History: Andolan is a non-profit, membership based organization that advocates on behalf of South Asian immigrant workers. Founded in 1998 by executive director Gulnahar Alam, the collective continues to be led by members, comprised primarily of low-wage female workers. The organization addresses gaps in social services and government agencies by providing legal assistance and a membership network support system for undocumented South Asian workers from Bangladesh, Pakistan, India, Nepal and Sri Lanka. Andolan, meaning “movement” in various South Asian languages, mobilizes workers for coalition building to ensure South Asian communities reach self-determinacy. Cornerstone to their mission is a commitment to helping all workers realize their legal rights in order to empower working class immigrant communities. As most members are domestic workers (babysitters, housekeepers), retail and restaurant workers, these marginalized and invisible groups often face obstacles such as worker exploitation, abuse, sexual harassment and domestic violence. Andolan encourages members to take on leadership roles in organizing, to transform their struggles and experiences into practical knowledge that works towards liberating female workers from inter-dependency and oppressive systems.

Andolan operates through three types of community programming: providing support to workers, promoting legal advocacy and community campaigning. Andolan’s member network holds meetings and educational workshops to address changes and issues surrounding immigration law, health, labor and domestic issues. The member network is sensitive to the immediate and cultural needs of the community by offering constant support through referrals for medical assistance and refuge, as well as counseling and translation services. Andolan’s implementation plans involve filing lawsuits in order to heighten public awareness of the various issues domestic workers face. Lawsuits Andolan brought to public attention include cases on federal violation of state minimum wages, sexual harassment, assault, and imprisonment upon false charges. Additionally, Andolan has launched several successful campaigns to protect worker’s rights, including the Campaign against Diplomatic Immunity of UN Employees, which aimed to hold diplomats accountable for their abusive treatment towards domestic workers. Andolan has co-coordinated with CAAAV for the Campaign to Increase the Minimum Wage, which strives to increase working wages through dialogue with local and state officials. Andolan also organizes protests and demonstrations in order to receive immediate responses to specific grievances. As a founding member of Domestic Workers United, Andolan continues to collaborate with DWU to advance the movement to end worker exploitation.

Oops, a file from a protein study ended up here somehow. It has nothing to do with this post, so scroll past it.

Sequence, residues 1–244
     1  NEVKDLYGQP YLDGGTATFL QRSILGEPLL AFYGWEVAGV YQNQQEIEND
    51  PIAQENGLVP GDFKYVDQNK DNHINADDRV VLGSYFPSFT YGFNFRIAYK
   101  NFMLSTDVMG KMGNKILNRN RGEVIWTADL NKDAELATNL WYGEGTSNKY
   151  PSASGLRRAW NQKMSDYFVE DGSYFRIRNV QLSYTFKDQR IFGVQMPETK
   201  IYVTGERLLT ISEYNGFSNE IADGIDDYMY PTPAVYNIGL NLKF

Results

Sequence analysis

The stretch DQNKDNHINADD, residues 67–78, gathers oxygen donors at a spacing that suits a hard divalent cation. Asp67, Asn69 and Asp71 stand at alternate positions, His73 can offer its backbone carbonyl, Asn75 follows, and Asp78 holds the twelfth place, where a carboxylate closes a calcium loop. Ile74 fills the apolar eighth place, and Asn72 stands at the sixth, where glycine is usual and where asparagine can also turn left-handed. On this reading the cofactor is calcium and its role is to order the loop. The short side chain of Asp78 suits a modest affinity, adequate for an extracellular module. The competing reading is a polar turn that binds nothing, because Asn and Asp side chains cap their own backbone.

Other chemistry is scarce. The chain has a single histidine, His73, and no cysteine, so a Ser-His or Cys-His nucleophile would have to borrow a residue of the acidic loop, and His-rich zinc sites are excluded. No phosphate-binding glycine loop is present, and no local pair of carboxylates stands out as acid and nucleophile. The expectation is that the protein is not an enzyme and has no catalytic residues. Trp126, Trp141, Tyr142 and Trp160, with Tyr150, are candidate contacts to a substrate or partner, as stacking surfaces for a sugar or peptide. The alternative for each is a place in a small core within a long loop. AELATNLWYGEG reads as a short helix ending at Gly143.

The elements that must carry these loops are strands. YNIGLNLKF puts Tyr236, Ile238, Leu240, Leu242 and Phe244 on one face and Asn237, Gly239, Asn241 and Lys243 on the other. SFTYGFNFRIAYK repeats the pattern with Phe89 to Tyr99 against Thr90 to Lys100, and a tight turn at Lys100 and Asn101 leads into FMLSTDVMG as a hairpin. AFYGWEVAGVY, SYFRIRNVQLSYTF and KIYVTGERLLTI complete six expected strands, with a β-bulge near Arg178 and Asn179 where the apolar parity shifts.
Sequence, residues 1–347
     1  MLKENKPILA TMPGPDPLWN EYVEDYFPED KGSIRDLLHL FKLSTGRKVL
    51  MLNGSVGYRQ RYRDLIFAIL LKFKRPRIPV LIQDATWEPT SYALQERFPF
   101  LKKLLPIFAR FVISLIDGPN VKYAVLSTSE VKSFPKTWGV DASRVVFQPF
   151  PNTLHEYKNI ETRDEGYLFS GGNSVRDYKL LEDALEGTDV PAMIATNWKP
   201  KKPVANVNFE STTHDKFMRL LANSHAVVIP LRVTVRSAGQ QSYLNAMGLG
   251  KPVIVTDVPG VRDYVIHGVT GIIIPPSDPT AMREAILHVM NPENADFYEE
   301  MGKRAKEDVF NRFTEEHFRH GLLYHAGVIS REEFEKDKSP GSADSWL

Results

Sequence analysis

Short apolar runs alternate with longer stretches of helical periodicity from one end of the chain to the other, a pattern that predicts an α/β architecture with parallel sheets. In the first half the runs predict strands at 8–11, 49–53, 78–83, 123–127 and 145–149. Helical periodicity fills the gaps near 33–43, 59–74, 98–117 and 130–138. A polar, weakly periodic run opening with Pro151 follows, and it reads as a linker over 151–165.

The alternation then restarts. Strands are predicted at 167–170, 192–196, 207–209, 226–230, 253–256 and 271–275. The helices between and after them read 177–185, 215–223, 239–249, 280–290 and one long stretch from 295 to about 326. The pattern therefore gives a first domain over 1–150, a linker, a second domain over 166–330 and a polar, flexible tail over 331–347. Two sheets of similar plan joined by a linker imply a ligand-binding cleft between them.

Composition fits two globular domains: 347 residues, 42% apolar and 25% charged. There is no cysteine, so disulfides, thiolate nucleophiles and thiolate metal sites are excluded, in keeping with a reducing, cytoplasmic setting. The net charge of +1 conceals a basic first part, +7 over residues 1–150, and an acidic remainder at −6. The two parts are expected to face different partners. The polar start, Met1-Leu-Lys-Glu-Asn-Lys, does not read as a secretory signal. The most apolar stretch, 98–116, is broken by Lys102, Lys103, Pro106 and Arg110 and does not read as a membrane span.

Within the past decade, Andolan had several legal victories in lawsuits against abusive employers. In a landmark settlement case, Andolan’s client received the largest reparations in U.S. legal history for a domestic worker, thereby setting a precedent for other low-wage immigrant workers. Another monumental victory for Andolan is marked by the City Hall approval of a bill in 2003, which requires employers and agencies to provide a contract to workers that guarantees minimum wage and overtime pay, health insurance, regular working hours and enforcement of labor standards.

In recognition of their achievements and social impact in the community, Andolan was awarded the Union Square Social Justice Award in 2001.

Summary: Totaling 6.0 linear feet, Andolan’s records consist of client court case files, administrative, board and fiscal operations, programming and development files, grant support and publicity materials.

Measuring approximately 3.0 linear feet, the bulk of records are confidential court files that document Andolan’s litigation role in client cases from 1998 to 2006. Separate, but precursory to Andolan’s formal filing of legal cases are client intake files documenting personal background information in Hindi and Bengali. Legal cases relate to wage compensation, political asylum and domestic violence against workers and women. These files trace case progression with legal proceedings, attorney correspondences, affidavits of support, court petitions and transcripts.

The second largest volume of materials are organizational development files which cover primarily the administrative and board functions, as well as fiscal records from 2000 to 2006. Within these files are annual directors meeting minutes, agendas, organizational structure models, by-laws and article of incorporation. Of note are board evaluation records of Andolan’s progress up until 2006, supplemented by the article of members and an outlined explanation of board roles. Contained within the organizational files are directories of members and community contacts organized in binders. The organization’s development files also hold fiscal records, which document operational expenses with invoices, annual budget outlines, and tax forms.